Learning to “be a coach” or “be a leader” requires more than appropriating new techniques or understanding a new model. It requires a fundamental shift in how one observes their world, themselves and other human beings. This shift begins when we consider that all human beings normally behave and act based on how our world “occurs” for us, not because of the “way it is”. For example, we can all find situations in our own experience where our actions were inconsistent with what we ‘knew’ to be the case (such as in continuing to smoke, running away from something because we were afraid even though no real threat existed, or making a decision which we knew to be wrong at the time, but rationalized or justified making anyway).

As a premise, we could say that coaching enables people to change the way the world “occurs” for them. When this happens, there are possibilities and actions available that are not available otherwise. We often hear organizational leaders speaking about the need to change people’s “mindsets”, to get “buy-in” to some radical new approach or to overcome historical ways of working. We can also see myriad examples of frustration and costs associated with trying to explain, justify, or rationally argue for change only to find that people are more often than not acting and behaving in the same ways they did previously. I suggest that these are all related to the same phenomenon, specifically the phenomenon of cognitive blindness—being blind to what we don’t know we don’t know or anything that is outside our historical frameworks of understanding.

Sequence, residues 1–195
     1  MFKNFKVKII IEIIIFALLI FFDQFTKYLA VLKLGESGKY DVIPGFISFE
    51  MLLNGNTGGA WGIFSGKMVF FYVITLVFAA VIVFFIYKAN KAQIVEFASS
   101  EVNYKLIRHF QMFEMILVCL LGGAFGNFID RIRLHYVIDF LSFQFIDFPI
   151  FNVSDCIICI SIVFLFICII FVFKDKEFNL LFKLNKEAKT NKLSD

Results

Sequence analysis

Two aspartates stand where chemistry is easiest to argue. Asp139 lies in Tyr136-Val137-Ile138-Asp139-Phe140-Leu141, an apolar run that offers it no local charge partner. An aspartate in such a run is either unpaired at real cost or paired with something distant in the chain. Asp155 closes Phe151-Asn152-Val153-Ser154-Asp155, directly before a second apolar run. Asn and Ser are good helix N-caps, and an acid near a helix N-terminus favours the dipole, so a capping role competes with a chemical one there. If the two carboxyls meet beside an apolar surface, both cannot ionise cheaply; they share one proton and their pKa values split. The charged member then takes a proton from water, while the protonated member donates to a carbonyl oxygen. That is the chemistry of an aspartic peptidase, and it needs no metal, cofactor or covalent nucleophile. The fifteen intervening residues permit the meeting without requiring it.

Our historical frameworks for understanding, however, are cultural in nature. They are constituted by our interpretations and stories of what is and is not possible, what everything means, and are often self-referential, having no apparent function beyond assuring the persistence of whatever has worked in the past.

The challenge and the raison dêtre for coaching is how to create a context or an opening for new action that is grounded in our historical reality but not limited by it.

If we only act based on what we can understand, what is reasonable and what makes sense, then our actions will always be consistent with the prevailing culture and produce variations of “more of the same”. The key to creating a “coaching culture” or any new culture is in exploring the phenomenon of commitment. If our reality is a function of our actions and our actions are a function of our commitments and we only commit to what is reasonable and feasible, then we will obviously be generating more of the same. The question is, does our view of the circumstances determine what we commit to OR do our commitments and, therefore, our actions determine the circumstances?